The MFN exhibitions 1: Sauriersaal

It is high time that I start a series of posts on the Museum für Naturkunde Berlin (MFN) and its exhibitions. Naturally, with a focus on the dinosaurs.

This post will feature only one of them, and only one image. However, it is a huge image, and preparing it took me all slack time day today and some time on the weekend. And I had a lot of slack time, because of the research I am currently busy with.

I use a NASTRAN-derivate program to do kinetic/dynamic modeling of dinosaur locomotion, specifically Plateosaurus and Diplodocus these days. Models typically start out fairly simple, and are accordingly computed in very short time. You can watch the program go from step to step. But the more the models develop, the more complex they get, and usually computing time grows exponentially. That means that I spend a short time editing a model, then sit back and wait for up to ten minutes. Today, these breaks were in the one to two minute range. Saving and loading models take about a minute, too. During these time I can do other things, but they need to be no-brainers. What means that I need to be able to totally dump them from my brain when the modeling software goes BING!, and then pick them back later without any time loss. Editing photos, especially the mindless task of background removal, is a favorite, or writing short blog posts. For example, this paragr…


aph was written during a short pause, then I picked it up again after adjusting friction values for a foot/ground collision that hadn’t been quite right (in fact, the dinosaur was catapulted off the ground up to two meters).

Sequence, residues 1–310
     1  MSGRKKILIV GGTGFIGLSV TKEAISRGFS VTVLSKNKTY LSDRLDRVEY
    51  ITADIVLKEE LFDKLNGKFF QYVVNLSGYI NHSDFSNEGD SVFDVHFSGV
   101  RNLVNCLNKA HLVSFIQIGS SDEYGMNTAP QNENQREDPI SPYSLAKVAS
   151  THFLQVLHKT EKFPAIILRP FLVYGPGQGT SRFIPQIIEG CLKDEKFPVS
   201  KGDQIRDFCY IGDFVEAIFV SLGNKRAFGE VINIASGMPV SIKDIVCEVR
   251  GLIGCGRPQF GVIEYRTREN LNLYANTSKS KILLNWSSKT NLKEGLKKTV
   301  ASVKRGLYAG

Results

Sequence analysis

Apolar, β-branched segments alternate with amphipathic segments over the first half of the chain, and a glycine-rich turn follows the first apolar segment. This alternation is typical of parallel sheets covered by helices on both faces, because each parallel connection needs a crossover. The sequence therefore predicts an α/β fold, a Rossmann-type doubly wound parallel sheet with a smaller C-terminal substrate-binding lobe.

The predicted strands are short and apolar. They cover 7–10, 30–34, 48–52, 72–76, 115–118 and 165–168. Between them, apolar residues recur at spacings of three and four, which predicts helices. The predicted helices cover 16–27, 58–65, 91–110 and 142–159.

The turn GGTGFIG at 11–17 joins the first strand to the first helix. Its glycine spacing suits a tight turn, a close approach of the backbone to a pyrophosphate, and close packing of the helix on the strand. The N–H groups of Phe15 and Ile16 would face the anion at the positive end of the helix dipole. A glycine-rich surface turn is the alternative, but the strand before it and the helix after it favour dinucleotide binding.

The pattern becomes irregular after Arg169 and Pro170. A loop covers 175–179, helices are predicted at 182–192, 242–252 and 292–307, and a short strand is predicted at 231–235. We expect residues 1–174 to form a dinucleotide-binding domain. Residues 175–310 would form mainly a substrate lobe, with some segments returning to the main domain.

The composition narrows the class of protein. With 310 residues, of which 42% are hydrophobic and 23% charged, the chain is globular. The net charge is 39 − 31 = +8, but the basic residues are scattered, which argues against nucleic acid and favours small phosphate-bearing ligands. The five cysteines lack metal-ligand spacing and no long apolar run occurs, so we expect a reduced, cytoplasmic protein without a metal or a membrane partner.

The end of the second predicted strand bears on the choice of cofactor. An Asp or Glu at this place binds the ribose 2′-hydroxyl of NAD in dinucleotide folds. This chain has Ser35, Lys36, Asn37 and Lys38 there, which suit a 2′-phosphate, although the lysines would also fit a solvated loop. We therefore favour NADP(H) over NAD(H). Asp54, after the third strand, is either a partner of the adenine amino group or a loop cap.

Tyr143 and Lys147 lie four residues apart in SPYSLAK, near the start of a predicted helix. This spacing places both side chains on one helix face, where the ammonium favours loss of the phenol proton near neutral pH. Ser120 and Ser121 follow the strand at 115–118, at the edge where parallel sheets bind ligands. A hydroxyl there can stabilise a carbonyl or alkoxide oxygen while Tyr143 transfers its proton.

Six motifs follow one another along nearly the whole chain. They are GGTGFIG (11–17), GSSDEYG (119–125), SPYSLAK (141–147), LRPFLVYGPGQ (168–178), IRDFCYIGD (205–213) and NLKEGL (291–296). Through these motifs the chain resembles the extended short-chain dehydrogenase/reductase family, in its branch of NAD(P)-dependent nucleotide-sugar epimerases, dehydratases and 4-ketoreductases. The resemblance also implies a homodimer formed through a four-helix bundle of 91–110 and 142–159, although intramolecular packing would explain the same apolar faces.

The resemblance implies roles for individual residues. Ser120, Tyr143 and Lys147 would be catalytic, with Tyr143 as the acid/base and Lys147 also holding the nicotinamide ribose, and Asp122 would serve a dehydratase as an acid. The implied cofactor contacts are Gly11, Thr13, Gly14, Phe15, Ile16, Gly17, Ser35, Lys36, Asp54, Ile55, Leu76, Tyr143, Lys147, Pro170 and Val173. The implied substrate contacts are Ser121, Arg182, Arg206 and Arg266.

So I worked hard the last few days on a picture I took on Friday, when the museum was nearly empty. It is a simple side view of the Diplodocus mount, the only one of the sauropods where you can step a comfortable distance away and take good pictures without tilting your camera way back. Giraffatitan requires that, whereas there is too little free room next to Dicraeosaurus (evident here).

However, this is not a simple photos taken with an extreme wide-angle lense and cropped, but rather a panorama photo. I followed my rules, but didn’t bring a tripod. Me = idiot. Exposure times thus had to be short, and the museum’s Sauriersaal, for all its ambient light and spotligths, is a pretty dark place. It is not as dark as many other museums, but it has less light than the AMNH’s dinosaur halls. So I had to crank ISO way up, and as a consequence the pics aren’t really that great. And I needed to increase brightness in my photo program, too. I took new ones, with a tripod today, and will have an image up for comparison soon.

Well, all said that needed saying, there’s the picture (at 25% size; email me if you want the full one). Stitched from 11 individual shots.

MFN mount of a cast of Dipolodocus carnegii. Panorama image made with Hugin. Click through for MUCH larger size!

Why do I remove the background on so many photos, you may ask? The reason is that it always distracts me. That’s especially bad if there are other skeletons in the background (what belongs where?), or if the background is highly colorful and chaotic. The MFN is very bad in this respect, with many-colored walls and lots and lots of windows leading to other, less lofty rooms. Their spotlights are thus shining out from between the ribs of the sauropods. AARGH! Therefore, I go to the trouble of cutting out the background. I’ll soon show some of the nice things that can then be done with the images…..


About Heinrich Mallison

I'm a dinosaur biomech guy
This entry was posted in Dinosauria, Diplodocus, MfN Berlin, Sauropoda, Sauropodomorpha. Bookmark the permalink.

3 Responses to The MFN exhibitions 1: Sauriersaal

  1. Mike Taylor says:

    Very nice! But you’re right that the lack of tripod was a killer for the quality of your base images. I’m looking forward to seeing how the next version looks.

  2. Jay says:

    Very nice.

    Thanks for the link to Hugin too (been looking for a decent photostitcher capable of handling complex mosaics for a time now).

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